Ocean Color Image Archive Page NOTE: All SeaWiFS images presented here are for research and educational use only. All commercial use of SeaWiFS data must be coordinated with GeoEye Category: All Gallery Images This SeaWiFs image provides a view of a Dust storm over the Red Sea. Northwest African Dust Storm A massive dust storm erupted off the northwestern coast of Africa over this past weekend and seemd to be at its maximum intensity on Sunday, 2 March 2003 as seen in this SeaWiFS true color image. Phytoplankton Bloom in the Barents Sea A break in the clouds over the Barents Sea on August 1, 2007 revealed a large, dense phytoplankton bloom to the orbiting MODIS aboard the Terra satellite. Click on the above image for a larger view of the region. Dust from northern Africa often blows across the Mediterranean Sea as was hapenning again on August 19th, 2004 when the above image was collected. Probably the most dominant oceanographic feature of the western North Atlantic Ocean is the Gulf Stream. Prince Edward Islands Plume

Water Water in three states: liquid, solid (ice), and gas (invisible water vapor in the air). Clouds are accumulations of water droplets, condensed from vapor-saturated air. Video demonstrating states of water present in domestic life. Water is a chemical compound with the chemical formula H 2O. A water molecule contains one oxygen and two hydrogen atoms that are connected by covalent bonds. Water is a liquid at standard ambient temperature and pressure, but it often co-exists on Earth with its solid state, ice, and gaseous state, steam (water vapor). Safe drinking water is essential to humans and other lifeforms even though it provides no calories or organic nutrients. Chemical and physical properties Impact from a water drop causes an upward "rebound" jet surrounded by circular capillary waves. Water is the chemical substance with chemical formula H 2O: one molecule of water has two hydrogen atoms covalently bonded to a single oxygen atom. The major chemical and physical properties of water are:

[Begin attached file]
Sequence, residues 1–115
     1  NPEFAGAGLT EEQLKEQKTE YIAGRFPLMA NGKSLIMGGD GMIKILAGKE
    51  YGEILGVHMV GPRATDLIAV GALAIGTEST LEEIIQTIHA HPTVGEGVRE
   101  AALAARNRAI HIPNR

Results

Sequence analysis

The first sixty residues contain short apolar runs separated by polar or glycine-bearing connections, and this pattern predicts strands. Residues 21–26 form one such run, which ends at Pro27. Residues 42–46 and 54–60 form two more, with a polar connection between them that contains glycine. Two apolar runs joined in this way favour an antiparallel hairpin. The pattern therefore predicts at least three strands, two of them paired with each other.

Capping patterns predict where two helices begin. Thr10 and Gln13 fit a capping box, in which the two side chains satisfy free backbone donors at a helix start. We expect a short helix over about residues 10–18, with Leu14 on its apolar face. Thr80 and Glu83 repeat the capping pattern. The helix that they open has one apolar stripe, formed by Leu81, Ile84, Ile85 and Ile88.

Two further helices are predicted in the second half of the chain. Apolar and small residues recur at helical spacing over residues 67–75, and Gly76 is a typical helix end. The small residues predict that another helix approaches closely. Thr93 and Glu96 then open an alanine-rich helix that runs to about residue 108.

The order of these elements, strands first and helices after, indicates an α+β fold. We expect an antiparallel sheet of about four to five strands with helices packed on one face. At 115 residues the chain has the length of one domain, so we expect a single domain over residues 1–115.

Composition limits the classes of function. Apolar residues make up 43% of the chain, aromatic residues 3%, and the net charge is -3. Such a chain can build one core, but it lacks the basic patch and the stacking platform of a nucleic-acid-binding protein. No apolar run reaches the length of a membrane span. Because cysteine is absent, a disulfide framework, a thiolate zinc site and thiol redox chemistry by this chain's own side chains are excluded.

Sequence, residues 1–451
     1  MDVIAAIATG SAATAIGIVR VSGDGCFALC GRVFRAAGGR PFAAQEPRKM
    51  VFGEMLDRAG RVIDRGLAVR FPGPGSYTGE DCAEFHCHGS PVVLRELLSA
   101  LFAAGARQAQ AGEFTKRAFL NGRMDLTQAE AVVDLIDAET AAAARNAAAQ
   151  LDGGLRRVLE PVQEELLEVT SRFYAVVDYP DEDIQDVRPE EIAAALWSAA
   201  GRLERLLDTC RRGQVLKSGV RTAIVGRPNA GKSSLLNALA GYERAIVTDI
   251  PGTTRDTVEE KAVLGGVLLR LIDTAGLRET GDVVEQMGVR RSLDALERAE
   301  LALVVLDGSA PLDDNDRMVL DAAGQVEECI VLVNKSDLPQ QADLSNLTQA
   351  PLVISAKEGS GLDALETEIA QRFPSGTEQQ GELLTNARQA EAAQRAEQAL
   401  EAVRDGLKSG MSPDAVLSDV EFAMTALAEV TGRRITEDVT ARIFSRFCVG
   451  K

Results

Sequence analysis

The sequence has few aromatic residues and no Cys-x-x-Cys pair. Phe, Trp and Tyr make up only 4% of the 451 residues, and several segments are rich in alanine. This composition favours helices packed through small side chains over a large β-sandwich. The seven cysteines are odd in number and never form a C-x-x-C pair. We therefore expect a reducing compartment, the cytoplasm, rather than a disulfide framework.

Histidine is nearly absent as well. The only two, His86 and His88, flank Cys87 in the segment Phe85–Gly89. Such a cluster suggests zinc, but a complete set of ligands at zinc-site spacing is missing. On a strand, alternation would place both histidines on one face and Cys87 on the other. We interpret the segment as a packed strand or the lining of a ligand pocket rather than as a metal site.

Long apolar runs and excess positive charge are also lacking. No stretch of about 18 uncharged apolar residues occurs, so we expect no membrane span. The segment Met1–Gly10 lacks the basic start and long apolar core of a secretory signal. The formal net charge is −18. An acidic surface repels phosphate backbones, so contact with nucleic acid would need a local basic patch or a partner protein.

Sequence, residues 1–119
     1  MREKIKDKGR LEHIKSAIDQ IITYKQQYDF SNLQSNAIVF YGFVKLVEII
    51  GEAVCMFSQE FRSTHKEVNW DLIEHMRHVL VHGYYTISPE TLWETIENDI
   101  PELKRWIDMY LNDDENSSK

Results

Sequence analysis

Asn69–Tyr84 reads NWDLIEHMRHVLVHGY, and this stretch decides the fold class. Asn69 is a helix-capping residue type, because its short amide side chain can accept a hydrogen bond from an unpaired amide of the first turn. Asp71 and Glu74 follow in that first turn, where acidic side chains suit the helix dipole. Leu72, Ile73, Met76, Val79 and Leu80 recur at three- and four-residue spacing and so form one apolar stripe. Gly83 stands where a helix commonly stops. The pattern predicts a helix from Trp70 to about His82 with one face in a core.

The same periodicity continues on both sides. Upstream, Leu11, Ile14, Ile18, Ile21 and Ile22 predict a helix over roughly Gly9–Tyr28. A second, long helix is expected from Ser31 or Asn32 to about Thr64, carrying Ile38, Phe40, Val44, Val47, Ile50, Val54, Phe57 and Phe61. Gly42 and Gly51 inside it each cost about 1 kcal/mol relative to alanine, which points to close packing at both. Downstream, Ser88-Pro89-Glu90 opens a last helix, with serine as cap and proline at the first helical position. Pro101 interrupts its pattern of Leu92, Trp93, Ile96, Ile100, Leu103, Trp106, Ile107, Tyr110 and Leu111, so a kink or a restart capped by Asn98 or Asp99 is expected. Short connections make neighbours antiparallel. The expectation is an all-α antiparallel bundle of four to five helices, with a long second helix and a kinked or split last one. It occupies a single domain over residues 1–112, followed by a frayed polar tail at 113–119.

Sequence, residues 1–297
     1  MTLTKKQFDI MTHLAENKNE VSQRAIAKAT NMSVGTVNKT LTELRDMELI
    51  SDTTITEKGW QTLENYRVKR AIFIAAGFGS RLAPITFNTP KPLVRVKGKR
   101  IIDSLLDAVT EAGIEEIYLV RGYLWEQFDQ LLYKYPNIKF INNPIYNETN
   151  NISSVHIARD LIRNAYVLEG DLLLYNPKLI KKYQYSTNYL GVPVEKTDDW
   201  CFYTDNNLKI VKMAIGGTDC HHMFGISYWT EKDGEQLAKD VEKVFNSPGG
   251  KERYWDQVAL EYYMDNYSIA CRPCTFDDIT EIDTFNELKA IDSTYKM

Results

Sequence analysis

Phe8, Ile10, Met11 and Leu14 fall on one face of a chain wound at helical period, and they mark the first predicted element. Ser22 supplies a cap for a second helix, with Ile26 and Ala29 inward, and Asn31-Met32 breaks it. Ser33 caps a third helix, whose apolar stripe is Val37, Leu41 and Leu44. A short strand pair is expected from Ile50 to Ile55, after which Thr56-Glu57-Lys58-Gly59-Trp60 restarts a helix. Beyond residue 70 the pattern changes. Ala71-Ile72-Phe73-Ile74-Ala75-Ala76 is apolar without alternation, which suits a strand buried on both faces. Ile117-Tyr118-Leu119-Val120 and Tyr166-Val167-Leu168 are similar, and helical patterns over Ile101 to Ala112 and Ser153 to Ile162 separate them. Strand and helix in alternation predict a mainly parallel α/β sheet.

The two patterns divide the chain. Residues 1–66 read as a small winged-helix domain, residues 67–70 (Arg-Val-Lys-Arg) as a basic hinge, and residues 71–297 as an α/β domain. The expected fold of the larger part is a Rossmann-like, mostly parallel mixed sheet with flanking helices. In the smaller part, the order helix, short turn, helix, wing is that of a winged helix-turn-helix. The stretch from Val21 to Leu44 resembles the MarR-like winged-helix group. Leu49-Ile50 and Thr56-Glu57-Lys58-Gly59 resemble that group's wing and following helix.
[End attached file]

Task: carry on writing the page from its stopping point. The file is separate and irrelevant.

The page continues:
Sea Shepherd International Effects of the automobile on societies Urban land use is often dominated by automobiles. Pictured: São Paulo, Brazil. World map of automobiles per 1000 people. Over the course of the 20th century, the automobile rapidly developed from an expensive toy for the rich into the de facto standard for passenger transport in most developed countries.[1] In developing countries, the effects of the automobile have lagged, but are emulating the impacts of developed nations. The development of the automobile built upon the transport revolution started by railways, and like the railways, introduced sweeping changes in employment patterns, social interactions, infrastructure and goods distribution. The effects of the automobile on everyday life have been a subject of controversy. History[edit] When the motor age arrived at the beginning of the 20th century in western countries, many intellectuals started to oppose to the increase of motor-vehicles on roads. W.S. Access and convenience[edit] External costs[edit] Economic changes[edit]

Plastic Pollution in our Oceans Environmental Issues > Oceans Main Page > All Oceans Documents The Basics We're treating the oceans like a trash bin: around 80 percent of marine litter originates on land, and most of that is plastic. Plastic that pollutes our oceans and waterways has severe impacts on our environment and our economy. Read more » What it Means to You Plastic pollution affects every waterway, sea and ocean in the world. Solutions The most effective way to stop plastic pollution in our oceans is to make sure it never reaches the water in the first place. NRDC is working on three key strategies to curb plastic water pollution in the U.S. and beyond: 1. NRDC is building a growing coalition of waste management, community, environmental, and business groups support measures that would stop plastic pollution at its source by creating incentives for industry to use less packaging for their products, make them recyclable, and ensure that recycling actually happens. 2. 3. What You Can Do 1. 2. 3. 4. 5.